News Corp's results beat expectations thanks to “Avatar” and improved advertising sales, and the company raised its outlook and dividend in a sign of confidence for the battered media sector.
The 25% dividend increase announced on Tuesday by Rupert Murdoch's media conglomerate would have been unthinkable a year ago, when crumbling ad revenue decimated TV and newspapers, and sales of DVD and books also cratered.
While the media business still has obstacles, fortunes have started to improve with the economy. Investor interest in media has also been rekindled by a new generation of devices from the likes of Amazon.com and Apple Inc.
News Corp Chief Executive Rupert Murdoch was extremely bullish on a conference call with Wall Street analysts and journalists, saying the company's future would benefit from the willingness of customers to pay for quality content.
“Content is not just king, it's the emperor of all things electronic,” he said.
News Corp shares, which have risen 21% in the last six months, gained another 5.7% after the rosy quarterly results. The company also raised its outlook, saying fiscal 2010 income should climb in the low 20% range.
Perhaps nothing points to a recovery in the entertainment business as clearly as the success of the blockbuster 3-D movie “Avatar,” which has had more than $2 billion in ticket sales, overtaking “Titanic” to become the biggest movie of all time.
It earned nine Oscar nominations and News Corp said 50% or more of the profit from the James Cameron-directed film would show up over the next two or more quarters. News Corp said it was in early talks for a sequel.
“Jim has ideas for one,” said Murdoch. “We haven't come to any agreement with him or budgets or timing or anything.”
But Murdoch made clear that News Corp would not be interested in acquiring film studios of MGM at reported valuations or Walt Disney Co's Miramax. Both film companies are said to be up for sale.
“At the right price, we'd be interested,” Murdoch said on MGM. “But it appears that other people are more interested so I think you can count us out of that one altogether.”
Behind the strength of “Avatar” and better ad climate, News Corp posted fiscal second-quarter net income of $254 million, or 10 cents a share. That includes a $500 million litigation settlement payout to Valassis Communications.
A year earlier, News Corp posted a net loss of $6.4 billion, or $2.45 a share, which reflected a major writedown for its purchase of Dow Jones, and other items.
Excluding charges in both periods, second-quarter adjusted profit was 25 cents a share, up from 15 cents a year ago. Analysts were expecting 20 cents a share on average, according to Thomson Reuters I/B/E/S.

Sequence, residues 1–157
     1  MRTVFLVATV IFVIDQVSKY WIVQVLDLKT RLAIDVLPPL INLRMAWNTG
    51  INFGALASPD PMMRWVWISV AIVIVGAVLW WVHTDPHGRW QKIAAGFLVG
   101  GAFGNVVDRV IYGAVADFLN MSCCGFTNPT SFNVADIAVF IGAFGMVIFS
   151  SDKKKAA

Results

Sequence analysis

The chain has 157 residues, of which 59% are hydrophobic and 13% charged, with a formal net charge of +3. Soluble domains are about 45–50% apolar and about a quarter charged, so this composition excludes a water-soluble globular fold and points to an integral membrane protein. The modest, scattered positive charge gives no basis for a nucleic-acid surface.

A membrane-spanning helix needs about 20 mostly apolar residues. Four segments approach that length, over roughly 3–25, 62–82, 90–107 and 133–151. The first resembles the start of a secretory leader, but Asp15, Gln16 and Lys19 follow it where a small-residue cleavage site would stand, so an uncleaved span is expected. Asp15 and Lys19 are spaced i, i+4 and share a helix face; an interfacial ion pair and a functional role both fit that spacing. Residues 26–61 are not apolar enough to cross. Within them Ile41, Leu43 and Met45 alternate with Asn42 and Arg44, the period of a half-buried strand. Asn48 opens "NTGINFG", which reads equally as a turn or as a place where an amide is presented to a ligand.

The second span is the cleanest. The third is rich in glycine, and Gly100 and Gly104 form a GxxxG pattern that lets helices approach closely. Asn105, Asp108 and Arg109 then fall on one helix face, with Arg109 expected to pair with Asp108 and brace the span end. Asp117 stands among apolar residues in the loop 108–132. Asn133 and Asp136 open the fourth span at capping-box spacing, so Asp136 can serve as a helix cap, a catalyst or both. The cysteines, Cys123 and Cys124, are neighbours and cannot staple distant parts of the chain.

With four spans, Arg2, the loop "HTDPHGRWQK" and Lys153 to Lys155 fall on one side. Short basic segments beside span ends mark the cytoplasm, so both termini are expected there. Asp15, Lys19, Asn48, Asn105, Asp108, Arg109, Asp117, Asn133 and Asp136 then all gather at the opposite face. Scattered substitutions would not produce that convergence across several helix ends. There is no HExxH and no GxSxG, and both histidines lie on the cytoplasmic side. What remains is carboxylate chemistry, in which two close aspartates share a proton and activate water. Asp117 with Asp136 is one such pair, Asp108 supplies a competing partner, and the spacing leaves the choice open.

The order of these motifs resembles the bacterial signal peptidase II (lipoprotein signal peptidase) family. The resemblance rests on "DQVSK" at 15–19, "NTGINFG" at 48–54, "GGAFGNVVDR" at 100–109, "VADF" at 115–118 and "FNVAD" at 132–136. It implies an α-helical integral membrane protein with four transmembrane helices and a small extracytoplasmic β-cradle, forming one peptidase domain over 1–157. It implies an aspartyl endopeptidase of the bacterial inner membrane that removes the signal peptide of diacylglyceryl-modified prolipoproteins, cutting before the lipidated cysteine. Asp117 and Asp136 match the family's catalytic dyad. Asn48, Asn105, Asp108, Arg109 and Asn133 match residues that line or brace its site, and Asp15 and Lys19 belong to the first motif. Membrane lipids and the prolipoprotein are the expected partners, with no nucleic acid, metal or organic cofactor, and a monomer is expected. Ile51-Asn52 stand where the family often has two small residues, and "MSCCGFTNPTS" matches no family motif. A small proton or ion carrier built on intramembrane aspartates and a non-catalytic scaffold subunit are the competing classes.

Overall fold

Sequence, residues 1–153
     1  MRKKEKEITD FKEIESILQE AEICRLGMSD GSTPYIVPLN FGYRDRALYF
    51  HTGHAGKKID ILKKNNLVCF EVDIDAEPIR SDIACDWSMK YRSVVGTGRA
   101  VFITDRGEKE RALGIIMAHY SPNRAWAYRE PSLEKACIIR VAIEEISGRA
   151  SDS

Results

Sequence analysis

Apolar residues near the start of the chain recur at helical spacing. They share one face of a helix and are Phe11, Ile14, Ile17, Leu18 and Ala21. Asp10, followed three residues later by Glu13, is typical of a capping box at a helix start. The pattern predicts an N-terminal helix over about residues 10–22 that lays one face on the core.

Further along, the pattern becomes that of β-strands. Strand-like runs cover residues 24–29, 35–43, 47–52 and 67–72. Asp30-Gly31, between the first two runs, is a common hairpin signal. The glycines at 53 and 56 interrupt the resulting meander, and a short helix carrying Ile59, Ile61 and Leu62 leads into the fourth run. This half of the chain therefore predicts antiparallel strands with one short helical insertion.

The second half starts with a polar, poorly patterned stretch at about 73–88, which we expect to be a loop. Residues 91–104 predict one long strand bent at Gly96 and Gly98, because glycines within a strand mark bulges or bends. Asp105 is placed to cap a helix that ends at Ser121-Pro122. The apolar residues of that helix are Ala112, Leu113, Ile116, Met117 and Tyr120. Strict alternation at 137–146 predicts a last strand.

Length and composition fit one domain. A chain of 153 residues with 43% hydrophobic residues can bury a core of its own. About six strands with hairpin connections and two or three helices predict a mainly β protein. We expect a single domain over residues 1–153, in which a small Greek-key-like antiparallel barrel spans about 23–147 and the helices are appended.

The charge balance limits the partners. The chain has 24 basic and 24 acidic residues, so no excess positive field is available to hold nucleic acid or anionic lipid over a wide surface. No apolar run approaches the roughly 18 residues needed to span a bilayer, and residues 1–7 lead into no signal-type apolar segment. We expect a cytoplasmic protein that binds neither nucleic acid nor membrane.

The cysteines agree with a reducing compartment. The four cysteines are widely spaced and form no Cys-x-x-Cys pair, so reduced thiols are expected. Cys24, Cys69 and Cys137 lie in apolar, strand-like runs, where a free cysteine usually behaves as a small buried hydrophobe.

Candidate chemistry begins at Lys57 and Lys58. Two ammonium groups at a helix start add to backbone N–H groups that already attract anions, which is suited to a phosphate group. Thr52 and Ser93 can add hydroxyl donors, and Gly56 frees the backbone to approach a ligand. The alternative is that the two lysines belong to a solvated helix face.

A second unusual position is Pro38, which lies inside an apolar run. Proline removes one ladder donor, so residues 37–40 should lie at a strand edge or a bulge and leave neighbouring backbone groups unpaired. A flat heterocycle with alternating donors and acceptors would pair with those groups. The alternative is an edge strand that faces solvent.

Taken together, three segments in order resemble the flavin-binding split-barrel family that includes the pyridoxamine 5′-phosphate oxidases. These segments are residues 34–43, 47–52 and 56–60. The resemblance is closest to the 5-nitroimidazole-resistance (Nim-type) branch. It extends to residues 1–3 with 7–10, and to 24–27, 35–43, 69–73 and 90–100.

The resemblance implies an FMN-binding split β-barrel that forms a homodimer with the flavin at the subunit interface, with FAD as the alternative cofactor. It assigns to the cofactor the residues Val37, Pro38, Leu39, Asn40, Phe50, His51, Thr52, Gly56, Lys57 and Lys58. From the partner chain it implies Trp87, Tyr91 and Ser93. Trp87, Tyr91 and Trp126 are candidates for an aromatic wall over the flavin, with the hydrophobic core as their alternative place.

Revenue rose a better-than-expected 10% to $8.7 billion.
“Basically every division outperformed, the ad market is back and newspapers are probably the best outperformer on the operating incoming,” said Miller Tabak analyst David Joyce.
The dividend increase shows the confidence management has in growing operating income for the fiscal year, Joyce said. News Corp will raise the quarterly dividend to 7.5 cents.
Operating income at News Corp's Hollywood studio business nearly tripled to $324 million, while the Fox cable programming unit posted 35% growth in operating profit. And ad sales improved at both the television and newspaper divisions.
The newspaper unit posted a 30% rise in operating income because of higher ad revenue at The Wall Street Journal, lower expenses and favorable foreign exchange rates.
Murdoch had been among the most vocal advocates of the newspaper industry moving to a paid digital model, and has blazed a trail with WSJ.com. He said more digital-newspaper subscription models would be rolled out in the coming months.
He has also set his focus on mobile devices -- the most buzzed-about growth area for TV shows, newspapers, movies and books -- and complained that Amazon's book pricing for e-reader devices like the Kindle devalues the publishing industry.
Murdoch said Amazon.com was prepared to renegotiate over e-book pricing.
Though the company does not break out numbers for MySpace, the unit that houses the social networking site saw its earnings contributions decrease by $32 million during the quarter because of lower search and advertising revenue. (Reuters)